STANARDSVILLE -- Two days after testimony revealed key DNA evidence is missing in the triple murder case against Taybronne Altereik White, a Greene County judge dismissed a motion for mistrial.

Defense attorney Edward Ungvarsky moved for a mistrial shortly after the fifth day of the trial began Monday morning, after Commonwealth’s Attorney Ronald Morris questioned Greene sheriff’s Sgt. Rodney Snead about the defense’s ability to review evidence against White before the trial began.

White, 28, is charged in the May 3, 2011, shooting deaths of Dustin Tyler Knighton, 25, Brian Robert Daniels, 26, and Lisa Hwang, 26. Their bodies were found in the wee hours of the morning on Octonia Road just north of Stanardsville.

Snead testified that some evidence bags had been sealed with new pieces of tape after attorneys reviewed their contents before the trial began.

Ungvarsky objected, and then moved for a mistrial when Morris asked Snead who was present to review the evidence.

The validity of key evidence in the case against White has been questioned throughout the case, after former Greene sheriff’s evidence technician James Shifflett pleaded guilty in January to embezzlement, after he stole nearly $19,000 in cash, including money from the White case, from evidence lockers.

“When the commonwealth brings out that the defense had access to the evidence, and Officer Shifflett has testified that he didn’t take the [DNA samples], and Officer Snead testified that he didn’t take them, the implication is that the defense had something to do with it,” Ungvarsky said.

Bouton disagreed with Ungvarsky and asked both sides to continue with witness testimony.

“I would urge both sides to move efficiently, so we can move through other evidence in the case,” Bouton said.

Morris called witnesses from the Virginia State Police, Chief Medical Examiner’s Office and Virginia Department of Forensic Science on Monday to go over physical evidence from inside Hwang’s 2010 Honda Civic, fingerprints from the car and the victims’ autopsy reports.

Janine Childress, a fingerprint expert with the Department of Forensic Science, said she examined more than 30 prints taken from the Civic, but only five were usable. Of those, none belonged to White, she said.

One of the prints, found on the passenger-side sun visor, belonged to Hwang, she said. Childress said she could not determine who left the rest of the prints.

Deborah Kay, Virginia assistant chief medical examiner, said all three victims had been shot multiple times, and all had died from at least one wound. Knighton and Hwang were both killed by gunshot wounds to the head, Kay said.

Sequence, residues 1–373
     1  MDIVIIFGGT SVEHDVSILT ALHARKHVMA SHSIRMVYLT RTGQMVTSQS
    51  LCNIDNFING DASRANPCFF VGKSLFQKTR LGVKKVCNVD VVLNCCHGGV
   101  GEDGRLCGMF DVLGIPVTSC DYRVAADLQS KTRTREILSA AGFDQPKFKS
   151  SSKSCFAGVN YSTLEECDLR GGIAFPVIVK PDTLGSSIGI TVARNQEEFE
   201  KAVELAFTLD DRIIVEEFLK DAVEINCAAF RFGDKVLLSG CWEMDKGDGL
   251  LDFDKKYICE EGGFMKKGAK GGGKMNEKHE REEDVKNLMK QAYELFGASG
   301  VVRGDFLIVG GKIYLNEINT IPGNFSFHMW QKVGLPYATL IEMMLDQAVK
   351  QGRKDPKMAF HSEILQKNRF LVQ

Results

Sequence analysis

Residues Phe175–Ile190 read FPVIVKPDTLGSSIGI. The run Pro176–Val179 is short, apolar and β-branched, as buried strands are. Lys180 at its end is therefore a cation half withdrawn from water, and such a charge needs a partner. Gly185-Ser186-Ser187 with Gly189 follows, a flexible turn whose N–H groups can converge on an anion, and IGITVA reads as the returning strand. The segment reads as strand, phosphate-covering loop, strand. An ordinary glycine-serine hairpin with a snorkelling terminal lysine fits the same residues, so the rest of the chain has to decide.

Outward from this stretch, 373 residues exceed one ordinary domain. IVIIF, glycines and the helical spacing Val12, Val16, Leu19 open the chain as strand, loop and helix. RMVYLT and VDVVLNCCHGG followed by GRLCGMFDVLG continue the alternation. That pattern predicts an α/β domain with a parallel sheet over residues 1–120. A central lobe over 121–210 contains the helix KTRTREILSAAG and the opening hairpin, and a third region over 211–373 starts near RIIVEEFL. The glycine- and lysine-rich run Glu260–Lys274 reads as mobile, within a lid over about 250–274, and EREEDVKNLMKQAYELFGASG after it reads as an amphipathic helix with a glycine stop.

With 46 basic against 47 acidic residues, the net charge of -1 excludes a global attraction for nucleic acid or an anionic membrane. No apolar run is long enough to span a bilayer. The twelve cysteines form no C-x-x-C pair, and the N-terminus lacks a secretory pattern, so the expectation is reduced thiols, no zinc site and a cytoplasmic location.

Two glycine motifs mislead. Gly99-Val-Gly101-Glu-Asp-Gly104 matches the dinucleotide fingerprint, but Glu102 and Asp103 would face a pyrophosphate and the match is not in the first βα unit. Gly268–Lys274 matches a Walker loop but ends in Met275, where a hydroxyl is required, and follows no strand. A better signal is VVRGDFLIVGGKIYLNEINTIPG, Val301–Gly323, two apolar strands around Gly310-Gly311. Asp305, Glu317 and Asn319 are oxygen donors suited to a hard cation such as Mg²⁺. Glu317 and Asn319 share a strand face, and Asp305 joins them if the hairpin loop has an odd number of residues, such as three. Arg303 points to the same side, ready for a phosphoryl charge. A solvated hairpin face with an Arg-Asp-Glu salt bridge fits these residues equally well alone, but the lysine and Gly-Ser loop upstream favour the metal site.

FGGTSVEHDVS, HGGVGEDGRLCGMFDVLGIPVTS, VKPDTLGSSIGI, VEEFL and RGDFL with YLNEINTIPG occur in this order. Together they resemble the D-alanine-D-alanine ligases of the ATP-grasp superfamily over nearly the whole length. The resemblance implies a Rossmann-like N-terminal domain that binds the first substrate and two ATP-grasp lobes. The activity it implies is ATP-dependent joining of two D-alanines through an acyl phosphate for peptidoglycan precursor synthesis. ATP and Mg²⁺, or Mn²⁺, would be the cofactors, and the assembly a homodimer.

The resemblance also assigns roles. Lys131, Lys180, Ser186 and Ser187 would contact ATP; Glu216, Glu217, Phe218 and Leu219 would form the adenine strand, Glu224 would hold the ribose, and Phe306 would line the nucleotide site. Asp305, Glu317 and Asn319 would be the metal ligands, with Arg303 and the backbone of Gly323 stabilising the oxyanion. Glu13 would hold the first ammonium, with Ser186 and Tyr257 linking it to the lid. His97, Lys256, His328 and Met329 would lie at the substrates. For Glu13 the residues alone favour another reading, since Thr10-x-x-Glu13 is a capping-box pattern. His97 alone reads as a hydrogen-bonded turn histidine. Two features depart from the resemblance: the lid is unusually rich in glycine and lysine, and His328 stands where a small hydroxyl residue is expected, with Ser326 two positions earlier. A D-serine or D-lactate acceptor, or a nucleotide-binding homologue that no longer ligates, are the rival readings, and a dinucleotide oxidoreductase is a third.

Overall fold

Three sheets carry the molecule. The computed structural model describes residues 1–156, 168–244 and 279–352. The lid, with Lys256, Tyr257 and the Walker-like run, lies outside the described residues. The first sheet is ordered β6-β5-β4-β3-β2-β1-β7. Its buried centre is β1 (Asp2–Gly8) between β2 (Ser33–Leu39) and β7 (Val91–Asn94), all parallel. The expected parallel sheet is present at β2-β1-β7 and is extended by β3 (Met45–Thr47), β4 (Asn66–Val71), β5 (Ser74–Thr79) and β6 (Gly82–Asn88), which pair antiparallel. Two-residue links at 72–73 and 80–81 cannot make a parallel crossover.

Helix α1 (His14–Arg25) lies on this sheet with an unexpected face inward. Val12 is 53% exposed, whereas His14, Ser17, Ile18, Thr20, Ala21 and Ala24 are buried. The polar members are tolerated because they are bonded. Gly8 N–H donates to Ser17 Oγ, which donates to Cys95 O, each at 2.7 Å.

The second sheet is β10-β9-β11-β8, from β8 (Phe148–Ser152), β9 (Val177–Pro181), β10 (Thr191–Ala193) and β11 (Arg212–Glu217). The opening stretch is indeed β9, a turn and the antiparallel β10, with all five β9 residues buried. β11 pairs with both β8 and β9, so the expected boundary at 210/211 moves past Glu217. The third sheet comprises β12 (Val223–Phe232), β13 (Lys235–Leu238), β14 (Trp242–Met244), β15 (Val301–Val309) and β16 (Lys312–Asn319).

Knighton had two additional superficial gunshot wounds, she said.

Daniels died of a gunshot wound that damaged his left lung, liver and two major blood vessels, Kay said. Daniels had three other non-lethal wounds, she said.

Hwang was shot in the head four times, Kay said.

Kay testified that the shots that hit Daniels and Knighton had entered from the right, and moved right to left. Hwang’s was shot from both sides, and the bullets moved toward her feet.

Because the victims were lying on a table during the autopsy, Kay said, it was impossible for her to speculate on their position when they were shot.

“[The autopsy] has no reflection on what way they were holding their arms, whether they were sitting, standing or twisting or turning,” she said.

Virginia State Police Special Agent Dino Capuzzo, a blood stain pattern expert, said he examined the Civic a month after the shooting, and found blood stains consistent with drips, spatter and a bloody object being dragged across a car seat.

Capuzzo also testified that it appeared that some trash and other small items in the car had been moved by other investigators.

“One specific item of trash that was on the floor had spot stains on it, but no void under it, indicating it had been moved at some point,” he told defense attorney Michael Hemenway.

The White trial continues Tuesday morning in Greene County.

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